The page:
Thank you, Cancer (2/2)

Thank you cancer

Here is what I have learned in the last six-months:

In order to maintain hope, you have to look for how to show love in the situation…and do it.

Sometimes that means forgiving, sometimes that means expressing thanks or just a smile, or maybe that means looking at how to help others.

As most of you know, I have started the Love the Hospital{ity} project. It came out of me seeing a need while in the hospital that I wanted to personally help with. Mentioned it to a couple of people, and it turned into a big thing that needed its own Facebook page. It’s been great. It’s been the positive distraction I needed to feel useful, especially when it comes to staying weeks in the hospital.

That’s kind of the obvious example, but there are others that were not so fun or easy. Like forgiving after the doctors made a potentially life-threatening mistake with my son (he’s fine and you will have to read the book for details).

Most of the time it’s really simple, just giving a smile to a nurse and always saying thank you.

There are many different situations and different ways to do this, and it may sound cheesy but love, love, love. As you lift other’s spirits, you will lift your own.

In order to find strength, you have to look for and focus on where God is in the situation.

God being there, especially if you are not used to looking for him, is not always easy to see. Sometimes it’s small, sometimes it’s not obvious, but even so, it can sometimes save your life.

It can be in a conversation with someone that makes you smile on a day smiles are few. It could be a random combination of events that puts you somewhere you were not supposed to be, but ended up being able to support someone when the terrible stuff happens.

There are thousands of ways God shows up. Because it’s not  a burning bush or a big signed document saying “LOVE, GOD” we negate them as coincidence, or just life. It’s not.

In order to thrive, you have to find the opportunity to grow in the situation and constantly be working towards that.

The thing with emotionally draining situations is they have a fun little habit of taking a gigantic yellow highlighter to your other problems and shortcomings. It becomes not just a health issue or work issue, but then a marriage issue, parenting issue, spiritual issue, etc. When you don’t have the energy to work anymore, fake it anymore, ignore where you are hurt anymore, it forces you to do one of two things: Run away and crumble, or face it head on.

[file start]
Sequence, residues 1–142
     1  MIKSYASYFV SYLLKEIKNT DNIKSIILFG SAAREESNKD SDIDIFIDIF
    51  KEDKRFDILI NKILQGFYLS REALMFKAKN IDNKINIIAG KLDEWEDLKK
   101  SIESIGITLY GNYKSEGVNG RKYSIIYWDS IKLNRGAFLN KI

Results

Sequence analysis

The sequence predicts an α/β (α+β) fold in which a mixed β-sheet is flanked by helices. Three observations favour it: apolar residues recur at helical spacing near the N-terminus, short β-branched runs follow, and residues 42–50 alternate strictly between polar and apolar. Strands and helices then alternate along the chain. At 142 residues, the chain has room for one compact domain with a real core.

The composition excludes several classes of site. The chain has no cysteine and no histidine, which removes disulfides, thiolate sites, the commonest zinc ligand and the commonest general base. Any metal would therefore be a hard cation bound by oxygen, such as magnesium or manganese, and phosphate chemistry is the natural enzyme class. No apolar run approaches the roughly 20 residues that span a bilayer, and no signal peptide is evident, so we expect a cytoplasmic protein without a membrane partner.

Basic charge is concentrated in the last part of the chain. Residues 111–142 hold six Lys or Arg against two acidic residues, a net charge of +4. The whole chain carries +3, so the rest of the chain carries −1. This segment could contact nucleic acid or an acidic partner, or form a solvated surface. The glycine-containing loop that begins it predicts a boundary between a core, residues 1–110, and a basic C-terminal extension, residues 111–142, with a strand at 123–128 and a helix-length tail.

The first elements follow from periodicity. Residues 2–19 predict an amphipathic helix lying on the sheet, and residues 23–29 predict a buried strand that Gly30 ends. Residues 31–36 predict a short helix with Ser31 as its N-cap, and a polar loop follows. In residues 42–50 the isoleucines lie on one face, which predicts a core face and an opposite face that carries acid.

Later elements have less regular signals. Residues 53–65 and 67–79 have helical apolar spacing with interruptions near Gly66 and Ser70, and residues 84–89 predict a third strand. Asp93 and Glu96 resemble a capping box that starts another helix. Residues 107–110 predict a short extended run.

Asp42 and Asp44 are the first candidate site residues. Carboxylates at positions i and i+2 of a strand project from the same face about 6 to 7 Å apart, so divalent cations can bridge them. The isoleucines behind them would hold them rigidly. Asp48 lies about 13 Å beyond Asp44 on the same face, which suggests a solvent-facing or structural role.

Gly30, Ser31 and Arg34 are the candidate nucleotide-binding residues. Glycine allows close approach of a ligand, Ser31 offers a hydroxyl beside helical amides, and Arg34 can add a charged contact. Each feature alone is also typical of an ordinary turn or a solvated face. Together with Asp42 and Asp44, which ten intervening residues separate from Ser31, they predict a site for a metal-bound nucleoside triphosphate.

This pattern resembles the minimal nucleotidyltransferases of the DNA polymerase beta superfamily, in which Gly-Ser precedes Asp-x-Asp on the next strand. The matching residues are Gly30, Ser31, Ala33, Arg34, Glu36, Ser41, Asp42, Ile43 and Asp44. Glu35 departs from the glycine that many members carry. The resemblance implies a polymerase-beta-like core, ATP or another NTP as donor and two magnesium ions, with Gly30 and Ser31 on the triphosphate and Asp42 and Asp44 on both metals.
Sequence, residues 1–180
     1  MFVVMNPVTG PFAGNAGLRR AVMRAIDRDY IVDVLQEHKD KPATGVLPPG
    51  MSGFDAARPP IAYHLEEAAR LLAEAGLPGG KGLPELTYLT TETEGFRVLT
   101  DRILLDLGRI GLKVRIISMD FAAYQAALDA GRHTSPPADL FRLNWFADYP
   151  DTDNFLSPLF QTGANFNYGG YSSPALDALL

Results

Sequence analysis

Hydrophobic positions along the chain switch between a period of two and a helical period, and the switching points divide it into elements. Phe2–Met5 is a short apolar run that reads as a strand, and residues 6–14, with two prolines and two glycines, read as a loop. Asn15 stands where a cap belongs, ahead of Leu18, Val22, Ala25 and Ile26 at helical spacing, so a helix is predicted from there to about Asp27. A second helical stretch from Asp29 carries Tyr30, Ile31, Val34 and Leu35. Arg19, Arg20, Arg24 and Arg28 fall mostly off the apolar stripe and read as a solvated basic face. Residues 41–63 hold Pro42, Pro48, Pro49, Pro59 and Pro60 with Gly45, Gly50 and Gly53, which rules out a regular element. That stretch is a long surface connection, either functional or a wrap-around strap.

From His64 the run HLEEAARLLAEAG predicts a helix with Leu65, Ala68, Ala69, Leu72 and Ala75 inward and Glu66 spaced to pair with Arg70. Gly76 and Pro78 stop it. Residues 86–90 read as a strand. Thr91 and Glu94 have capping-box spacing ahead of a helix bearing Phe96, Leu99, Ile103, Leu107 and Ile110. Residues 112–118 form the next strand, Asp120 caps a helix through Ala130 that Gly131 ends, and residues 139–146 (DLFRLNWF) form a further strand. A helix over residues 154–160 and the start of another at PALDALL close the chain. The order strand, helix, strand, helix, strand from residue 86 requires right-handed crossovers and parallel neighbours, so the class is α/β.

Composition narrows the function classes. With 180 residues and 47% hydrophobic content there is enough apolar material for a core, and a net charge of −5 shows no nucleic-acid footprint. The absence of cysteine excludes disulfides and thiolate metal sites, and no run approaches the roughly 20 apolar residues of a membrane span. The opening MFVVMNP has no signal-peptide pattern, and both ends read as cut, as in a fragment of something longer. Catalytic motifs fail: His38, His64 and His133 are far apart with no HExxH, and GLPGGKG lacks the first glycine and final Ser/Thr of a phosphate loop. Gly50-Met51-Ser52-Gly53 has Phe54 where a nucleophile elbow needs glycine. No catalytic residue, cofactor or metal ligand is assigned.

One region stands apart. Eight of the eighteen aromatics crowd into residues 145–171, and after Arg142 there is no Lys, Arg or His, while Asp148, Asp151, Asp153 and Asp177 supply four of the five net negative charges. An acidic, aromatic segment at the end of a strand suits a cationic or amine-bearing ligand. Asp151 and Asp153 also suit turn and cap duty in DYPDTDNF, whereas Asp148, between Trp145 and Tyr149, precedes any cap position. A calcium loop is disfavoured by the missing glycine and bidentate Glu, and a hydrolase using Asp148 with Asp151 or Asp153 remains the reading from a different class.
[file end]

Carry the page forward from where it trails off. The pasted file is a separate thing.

Let me tell you — face it. It’s hard because the last thing you want to do when your kid has cancer, your parent dies, you get laid off from work, or any of it, is deal with other issues. But you know what? That’s how you transform. That’s how you grow. Put in the work while you are staring the problem in the face, and you’ll be a better person when all is said and done.

My fear of waiting until “life calms down” is that I will do what I usually do — pretend the problem isn’t there, or that I can fix it with whatever I was doing before. We don’t tend to give illness or physical problems attention until they are hurting. Same with emotional ones: we like to do the quick fix until it doesn’t hurt anymore or we are so distracted by something else we forget it’s there for a little while. This isn’t dealing. This is avoiding.

Dealing, and growing, even when life is dirty, rotten, and terrible is going to help you thrive.

These points are not all that original and won’t solve the world’s problems, but they have had a remarkable affect on me. They have helped me deal with life more gracefully, when I would have probably become an alcoholic or had a complete breakdown otherwise.

These points are not all that original and won’t solve the world’s problems, but they have had a remarkable affect on me. They have helped me deal with life more gracefully, when I would have probably become an alcoholic or had a complete breakdown otherwise.

Tomorrow I find out if my son’s cancer is gone or if we have another six months of worry and hospitals ahead. Not every day will be easy. Not every day will be happy. But I refuse to let cancer ruin my son or my’s life.

Other posts you may be interested in:

Getting ready for Thursday

Thank you, cancer (1/2)

7 Tips for surviving long hospital stays

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